Research Impact/Earth Benefits: The overall goal of our research is to better assess the central nervous system and cardiovascular risks to astronauts during and after deep space travel. To properly understand these risks in the diverse human population, we must account for how sex and genetic differences change the way radiation damage manifests. Our work characterizing these radiation-disease models will also create platforms for testing strategies for mitigating radiation damage to improve the safety and long-term health of the astronauts.

Task Progress & Bibliography Information FY2021 
Task Progress: During the first 4 years of our NASA-funded program, we determined that mice exposed to relatively small doses of single components of space radiation (iron nuclei or protons) resulted in changes in behavior, cognition, and brain health. These changes were dependent on the sex and underlying genetic disease susceptibility of the mice as well as on the specific dose received. Interestingly, we found that young adult female mice were more resistant than male mice to the effects of space radiation on cognition and Alzheimer’s disease-like damage. Here, we are extending these studies to examine the effects of a mixed-ion simulation of space-like radiation, known as “simulated Galactic Cosmic Radiation” (GCRsim) at doses predicted for astronauts traveling on long-term missions into deep space. GCRsim includes a mix of protons, silicon, helium, oxygen and iron ions.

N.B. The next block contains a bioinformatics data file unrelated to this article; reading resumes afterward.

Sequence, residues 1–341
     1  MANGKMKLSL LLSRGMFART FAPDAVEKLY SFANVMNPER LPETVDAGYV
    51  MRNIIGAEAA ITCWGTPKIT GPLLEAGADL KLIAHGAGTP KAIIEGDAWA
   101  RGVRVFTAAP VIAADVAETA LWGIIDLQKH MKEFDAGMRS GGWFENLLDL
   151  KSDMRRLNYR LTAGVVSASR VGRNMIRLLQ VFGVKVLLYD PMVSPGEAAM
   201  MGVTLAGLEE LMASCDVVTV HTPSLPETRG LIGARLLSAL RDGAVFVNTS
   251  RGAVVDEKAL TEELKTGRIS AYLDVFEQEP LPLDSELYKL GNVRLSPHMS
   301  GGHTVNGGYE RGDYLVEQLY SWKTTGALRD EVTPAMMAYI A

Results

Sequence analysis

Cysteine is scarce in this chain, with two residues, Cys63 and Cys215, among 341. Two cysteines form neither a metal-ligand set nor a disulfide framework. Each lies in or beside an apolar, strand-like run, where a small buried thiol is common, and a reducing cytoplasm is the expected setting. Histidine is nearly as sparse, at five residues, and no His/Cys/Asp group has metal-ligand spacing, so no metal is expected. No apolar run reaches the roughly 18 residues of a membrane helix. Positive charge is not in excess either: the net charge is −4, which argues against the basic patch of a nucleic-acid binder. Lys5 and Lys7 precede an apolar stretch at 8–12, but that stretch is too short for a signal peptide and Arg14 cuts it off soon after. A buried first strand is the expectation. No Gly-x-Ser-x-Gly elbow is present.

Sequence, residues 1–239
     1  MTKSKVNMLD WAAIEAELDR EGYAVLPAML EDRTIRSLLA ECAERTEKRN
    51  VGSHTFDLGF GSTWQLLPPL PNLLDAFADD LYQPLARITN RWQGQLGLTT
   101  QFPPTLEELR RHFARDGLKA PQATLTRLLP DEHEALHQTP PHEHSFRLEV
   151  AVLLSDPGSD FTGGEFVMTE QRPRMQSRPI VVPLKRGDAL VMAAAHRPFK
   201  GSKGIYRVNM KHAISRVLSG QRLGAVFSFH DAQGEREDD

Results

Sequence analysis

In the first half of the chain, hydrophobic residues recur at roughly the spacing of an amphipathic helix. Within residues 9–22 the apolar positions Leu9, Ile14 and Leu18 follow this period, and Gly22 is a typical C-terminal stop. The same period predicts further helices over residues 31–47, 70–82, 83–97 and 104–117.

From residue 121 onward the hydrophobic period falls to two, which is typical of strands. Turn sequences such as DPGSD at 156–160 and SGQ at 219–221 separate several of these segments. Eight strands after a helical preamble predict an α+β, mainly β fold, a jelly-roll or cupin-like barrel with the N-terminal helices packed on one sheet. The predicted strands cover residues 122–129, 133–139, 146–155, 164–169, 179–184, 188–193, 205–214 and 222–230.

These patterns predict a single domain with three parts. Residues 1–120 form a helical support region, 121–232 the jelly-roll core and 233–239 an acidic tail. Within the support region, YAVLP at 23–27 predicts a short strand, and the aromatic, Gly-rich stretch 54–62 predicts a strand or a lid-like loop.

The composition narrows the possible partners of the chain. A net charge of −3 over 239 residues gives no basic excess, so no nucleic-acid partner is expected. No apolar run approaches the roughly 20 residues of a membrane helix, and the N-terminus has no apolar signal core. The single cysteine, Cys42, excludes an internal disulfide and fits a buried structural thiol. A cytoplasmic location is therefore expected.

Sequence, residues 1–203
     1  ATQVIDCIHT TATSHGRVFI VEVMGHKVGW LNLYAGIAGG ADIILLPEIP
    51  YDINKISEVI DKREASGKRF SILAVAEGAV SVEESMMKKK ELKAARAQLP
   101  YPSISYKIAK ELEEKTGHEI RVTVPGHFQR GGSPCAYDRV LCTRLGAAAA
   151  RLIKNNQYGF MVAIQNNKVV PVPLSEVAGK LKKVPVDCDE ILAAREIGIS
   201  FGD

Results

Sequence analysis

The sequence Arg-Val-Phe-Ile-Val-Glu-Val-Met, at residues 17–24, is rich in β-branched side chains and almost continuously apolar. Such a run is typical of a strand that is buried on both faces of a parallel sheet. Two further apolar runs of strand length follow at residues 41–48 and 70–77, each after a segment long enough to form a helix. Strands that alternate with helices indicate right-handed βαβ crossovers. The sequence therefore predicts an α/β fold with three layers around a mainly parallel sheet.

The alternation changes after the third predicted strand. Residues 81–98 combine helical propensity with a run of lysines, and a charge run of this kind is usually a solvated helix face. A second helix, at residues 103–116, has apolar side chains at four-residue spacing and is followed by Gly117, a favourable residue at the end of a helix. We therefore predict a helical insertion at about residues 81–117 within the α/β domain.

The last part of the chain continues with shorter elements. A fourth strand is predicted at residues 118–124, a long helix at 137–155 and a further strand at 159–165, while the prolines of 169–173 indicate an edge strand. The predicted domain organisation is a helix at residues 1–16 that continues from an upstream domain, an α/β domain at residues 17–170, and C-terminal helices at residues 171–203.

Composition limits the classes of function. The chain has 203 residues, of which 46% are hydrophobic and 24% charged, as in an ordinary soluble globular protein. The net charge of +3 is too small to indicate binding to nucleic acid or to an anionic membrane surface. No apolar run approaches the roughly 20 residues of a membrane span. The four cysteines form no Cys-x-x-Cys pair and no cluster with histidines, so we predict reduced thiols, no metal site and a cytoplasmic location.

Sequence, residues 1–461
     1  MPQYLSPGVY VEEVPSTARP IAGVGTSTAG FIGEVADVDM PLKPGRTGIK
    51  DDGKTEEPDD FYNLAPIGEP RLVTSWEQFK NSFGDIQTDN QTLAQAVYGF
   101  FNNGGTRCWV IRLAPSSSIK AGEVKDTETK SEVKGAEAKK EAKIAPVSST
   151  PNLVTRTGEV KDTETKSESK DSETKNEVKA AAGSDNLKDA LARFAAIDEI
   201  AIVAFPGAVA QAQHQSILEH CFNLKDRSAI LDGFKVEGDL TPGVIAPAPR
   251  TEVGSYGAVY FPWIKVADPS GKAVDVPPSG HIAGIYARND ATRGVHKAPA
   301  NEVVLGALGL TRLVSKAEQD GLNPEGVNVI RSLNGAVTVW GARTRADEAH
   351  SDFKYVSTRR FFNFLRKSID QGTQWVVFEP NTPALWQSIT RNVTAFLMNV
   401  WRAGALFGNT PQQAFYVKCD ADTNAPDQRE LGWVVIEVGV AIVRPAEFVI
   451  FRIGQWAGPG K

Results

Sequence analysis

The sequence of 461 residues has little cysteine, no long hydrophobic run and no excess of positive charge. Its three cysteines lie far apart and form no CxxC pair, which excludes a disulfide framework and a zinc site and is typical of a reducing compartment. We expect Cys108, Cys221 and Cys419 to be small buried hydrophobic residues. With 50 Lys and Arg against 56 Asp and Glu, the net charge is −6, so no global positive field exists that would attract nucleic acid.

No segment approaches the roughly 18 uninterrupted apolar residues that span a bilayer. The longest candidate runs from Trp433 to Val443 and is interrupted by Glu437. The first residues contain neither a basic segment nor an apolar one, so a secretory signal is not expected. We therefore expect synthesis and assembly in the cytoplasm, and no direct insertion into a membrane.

Our current mouse studies (Aims 1 and 2) examine how sex differences and multiple genetic risk factors for Alzheimer’s disease modify GCRsim radiation-induced changes in behavior, cognition, disease progression, brain and heart structure, and inflammation in the brain, heart, and kidney. Aim 1 builds upon our previous single-ion (iron and proton) studies but tests low-dose space-like mixed 5-ion GCRsim radiation exposure in the same Alzheimer’s amyloid mouse model and wildtype mice. Aim 2 investigates the effects of a strong vascular Alzheimer’s risk factor Apolipoprotein E4 in another, more physiologically relevant Alzheimer’s “knock-in” mouse model and wildtype mice in response to low-dose GCRsim radiation. Equal numbers of female and male mice are included in each study. Due to the large number of mice required to achieve a statistically significant result, we have divided each of the mouse studies into two staggered cohorts to facilitate breeding, experimentation and analyses. We perform pre-irradiation and post-irradiation MRI scans of the brain and heart in a subset of mice. The rest of the mice undergo a 10-test behavioral battery that we developed during our first 4 years of funding to evaluate locomotion, strength, fatigue resistance (endurance), motor coordination, sensorimotor effects, psychological state, learning, and memory in mice. In addition, we utilize several novel human brain cell cultures (Aim 3), derived from immortalized progenitor neural cells and induced pluripotent stem cells (iPSCs) differentiated to neurons and glia, to investigate how space-like radiation affects human brain health in the context of specific disease-associated genetic factors. Our collaborators, Dr. Taylor and Dr. Camila Hochman Mendez (Texas Heart Institute, THI), are exploring the effects of space-like radiation on the heart and kidneys of our mice from Aims 1 and 2, as well as assessing GCRsim effects on heart cell function and maturation from irradiated iPSC-derived cardiomyocytes and endothelial cells in Aim 3. All experiments include additional mice or cell cultures exposed to gamma radiation (similar to x-rays) for comparison with those exposed to the space-like GCRSim radiation. This aids us in interpreting our findings to understand radiation risk to humans. These studies involve strong collaborations with researchers at the Texas Heart Institute, Massachusetts General Hospital, Massachusetts Institute of Technology, Brookhaven National Laboratory (BNL), Duke University, Washington University School of Medicine, NYU School of Medicine, the RIKEN Brain Institute in Japan, the Harvard School of Medicine Mouse Behavior Core, the Brigham & Women’s Hospital Department of Radiology, and the NASA Ames Research Center.